My following roles were Project Manager on several projects in the Market Measurements space and in other business areas, Business Domain Leader for Market Measurements Business Domain and Cheetah Program Manager (organizing delivery for half of our projects for P&G). These roles helped me to gain perspective on our deliveries from different angles and gain experience and knowledge about P&G and about our internal ways and best practices.

In the next sections I’d like to highlight the Lingaro traits that helped us achieve the success. They are not a theoretical exercise. They are based on my observations of what really works and what makes us unique.

What makes us unique at Lingaro?

The 300 number is not the only thing that we have in common with the legendary 300 Spartans. Like Spartans we are battle-hardened. We come from top IT companies and top universities. We have a lot of victories under our belts. We deliver glamorous applications and elegant solutions. We provide our services with grace, thoughtfulness, honesty, and humility. We have deep knowledge and do great things, yet we take time to really listen to our customers and to deliver what they need and want, not what we want or what we think they should want.

I believe in simplicity. So below I outline in really simple terms what are the characteristics that will let us win every new fight, every new customer, every interesting project we lay our eyes upon.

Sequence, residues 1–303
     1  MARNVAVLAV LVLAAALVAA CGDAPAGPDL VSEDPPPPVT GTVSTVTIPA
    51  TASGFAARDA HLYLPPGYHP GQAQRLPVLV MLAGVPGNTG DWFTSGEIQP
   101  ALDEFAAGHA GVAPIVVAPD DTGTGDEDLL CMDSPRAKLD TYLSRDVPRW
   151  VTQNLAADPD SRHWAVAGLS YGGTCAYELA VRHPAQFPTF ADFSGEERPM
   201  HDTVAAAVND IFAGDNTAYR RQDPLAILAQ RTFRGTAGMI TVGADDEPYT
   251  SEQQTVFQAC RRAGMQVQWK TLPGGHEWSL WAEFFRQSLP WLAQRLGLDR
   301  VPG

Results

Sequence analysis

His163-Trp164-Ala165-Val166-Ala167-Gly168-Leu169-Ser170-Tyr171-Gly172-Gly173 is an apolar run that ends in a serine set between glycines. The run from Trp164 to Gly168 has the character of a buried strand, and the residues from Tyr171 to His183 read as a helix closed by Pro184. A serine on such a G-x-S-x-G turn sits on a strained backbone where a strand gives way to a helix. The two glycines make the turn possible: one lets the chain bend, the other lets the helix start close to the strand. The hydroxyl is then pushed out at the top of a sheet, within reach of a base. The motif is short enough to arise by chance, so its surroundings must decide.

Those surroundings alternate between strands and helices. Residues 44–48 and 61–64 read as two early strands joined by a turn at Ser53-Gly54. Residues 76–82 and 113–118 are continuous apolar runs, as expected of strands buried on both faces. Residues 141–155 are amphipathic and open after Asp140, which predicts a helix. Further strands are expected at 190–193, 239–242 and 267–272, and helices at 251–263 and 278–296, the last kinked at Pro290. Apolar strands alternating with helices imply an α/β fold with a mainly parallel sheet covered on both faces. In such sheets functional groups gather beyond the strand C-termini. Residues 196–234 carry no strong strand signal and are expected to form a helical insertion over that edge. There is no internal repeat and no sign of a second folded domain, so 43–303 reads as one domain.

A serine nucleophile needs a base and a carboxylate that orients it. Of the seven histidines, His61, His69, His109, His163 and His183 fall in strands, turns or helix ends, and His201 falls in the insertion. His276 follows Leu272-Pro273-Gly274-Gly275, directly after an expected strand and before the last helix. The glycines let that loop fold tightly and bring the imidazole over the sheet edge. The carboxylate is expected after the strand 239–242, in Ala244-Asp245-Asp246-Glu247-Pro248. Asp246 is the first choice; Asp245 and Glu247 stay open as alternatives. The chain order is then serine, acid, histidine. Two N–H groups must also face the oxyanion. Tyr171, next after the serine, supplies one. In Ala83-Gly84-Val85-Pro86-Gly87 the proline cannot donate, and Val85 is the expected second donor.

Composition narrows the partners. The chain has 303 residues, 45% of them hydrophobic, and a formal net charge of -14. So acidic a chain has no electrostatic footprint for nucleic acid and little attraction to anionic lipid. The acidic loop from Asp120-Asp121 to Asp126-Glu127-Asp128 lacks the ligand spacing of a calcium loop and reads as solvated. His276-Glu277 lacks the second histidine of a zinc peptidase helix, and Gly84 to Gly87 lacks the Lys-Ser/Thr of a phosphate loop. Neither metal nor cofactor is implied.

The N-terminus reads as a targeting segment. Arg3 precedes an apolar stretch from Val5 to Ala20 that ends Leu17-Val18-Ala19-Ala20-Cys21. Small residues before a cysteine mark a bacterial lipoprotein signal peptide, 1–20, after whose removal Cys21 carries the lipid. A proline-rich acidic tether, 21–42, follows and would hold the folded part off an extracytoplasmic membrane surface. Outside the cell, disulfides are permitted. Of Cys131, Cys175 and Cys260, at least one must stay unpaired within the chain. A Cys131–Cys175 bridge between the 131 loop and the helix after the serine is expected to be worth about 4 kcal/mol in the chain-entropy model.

Customer Focus

  • Treat your customer as you would your grandmother. What would you sell her? How would you provide your service? How would you talk to her?
  • Don’t let short-term wins cloud your long-term goals. Think about the future projects and engagements. How to establish lasting relationship? How to get your client promoted?
  • Be a trusted advisor, not a used cars salesman. Find out what the customer really needs, not what you want to sell her.
  • The customer is always right. I understand this saying as understanding that what matters is what the customer perceives. It’s not always the same as so called objective facts. If he feels bad about something, we should feel bad about it too and act on it. It doesn’t matter who is right or wrong. We are here to help our customers and to make them feel good about our services.

You as a person

  • Be honest. It always pays long-term. If other people know they can count on you, they will.
  • Be proactive. An all-time favourite corporate buzzword. Yet so true. Act as a leader, not as a follower.
  • Think end-to-end. We’re not doing “just development”, “just testing”, “just migrations”. We’re providing full service to our clients. If they’re not happy with the end result, all our efforts were pointless.